The answer is yes, but it’s more complex than that, as we are learning that personal risk is based on many individual factors that include everything from your skin tone to your hereditary background. We dig into the facts about skin of color and skin cancer, so you can protect your skin.
Maybe you’ve heard it before: “Black people don’t need sunscreen!” Or “People of color aren’t at risk for skin cancer.” But the truth is, if you have skin, you can get skin cancer, regardless of its color. In fact, skin cancer accounts for 1 to 2 percent of all cancers in Black people, 2 to 4 percent in Asian people and 4 to 5 percent in Hispanic people. Yes, those numbers are far lower than they are for white people, but when skin cancer does occur in skin of color, it tends to be diagnosed at a later stage and has a worst prognosis. The estimated five-year melanoma survival rate for Black patients is only 70 percent versus 94 percent for white patients. Plus, unprotected sun exposure can lead to other issues such as unsightly sun damage.
We dug into the facts about skin cancer and people of color, dispelling the top myths and setting the record straight.
First, a Primer on Skin Tone
Where does skin get its color? If you said, “from melanin,” you’d be correct, but it’s not that simple. All skin tones produce melanin, and it’s a complex system that varies from person to person. The process starts inside a melanocyte, a pigment-producing cell (these are also the cells from which melanoma arises); only it’s not the number of melanocytes you have that determines your specific skin tone. Instead, it’s partly the type of melanin these cells produce. It’s also the size and distribution of melanosomes, which are like little packages of melanin made by the melanocytes that then carry the melanin to other skin cells.
Melanocytes produce eumelanin, which gives skin and hair brown and black pigment, and pheomelanin, a type that appears red and yellow. The ratio of eumelanin to pheomelanin determines your skin color, and that can vary greatly. Those with darker skin are genetically predisposed to produce more eumelanin, the type that provides at least some protection against ultraviolet (UV) damage. Those with light skin typically have more pheomelanin, which doesn’t offer UV protection. Several factors influence how much melanin your cells produce, including UV exposure, hormones, genes and inflammation.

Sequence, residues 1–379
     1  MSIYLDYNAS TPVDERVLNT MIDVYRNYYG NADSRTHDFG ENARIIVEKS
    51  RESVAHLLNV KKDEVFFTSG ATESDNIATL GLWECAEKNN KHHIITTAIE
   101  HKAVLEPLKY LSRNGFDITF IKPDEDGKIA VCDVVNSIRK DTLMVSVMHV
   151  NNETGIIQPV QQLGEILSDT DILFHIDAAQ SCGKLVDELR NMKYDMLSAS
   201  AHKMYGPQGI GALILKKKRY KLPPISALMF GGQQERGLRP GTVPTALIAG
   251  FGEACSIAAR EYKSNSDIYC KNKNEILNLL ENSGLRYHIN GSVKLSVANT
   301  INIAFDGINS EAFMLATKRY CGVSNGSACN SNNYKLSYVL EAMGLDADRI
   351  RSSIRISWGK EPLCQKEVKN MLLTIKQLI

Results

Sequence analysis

Once the melanin is made, it’s stored inside the melanosomes. The melanosomes then travel up through the melanocyte cell and transfer to keratinocytes, another type of skin cell, via dendrites (think one-way passages between cells). The newly pigmented keratinocytes then make their way to up to the skin’s surface, creating your unique skin tone. Darker skin tones have larger melanosomes spread out inside the cell (which translates to evenly distributed melanin on the skin’s surface). People with lighter skin tones tend to have smaller melanosomes clustered together. That’s why some people get spotty bits of melanin, aka freckles, after sun exposure.
Common Myths About Skin Cancer and People of Color
One of the main culprits of skin cancer is exposure to UV radiation from the sun or indoor tanning. UV rays can damage the DNA in skin cells in the epidermis (the outermost layer of skin), triggering mutations that cause skin cells to multiply and form malignant tumors. Many assume that skin of color has protection against this type of damage. While that’s partially true (as you’ve just learned above), it’s not enough to fully protect your cells and the protection level varies depending on your skin tone. Read on for more on this misconception — and others surrounding skin of color and skin cancer.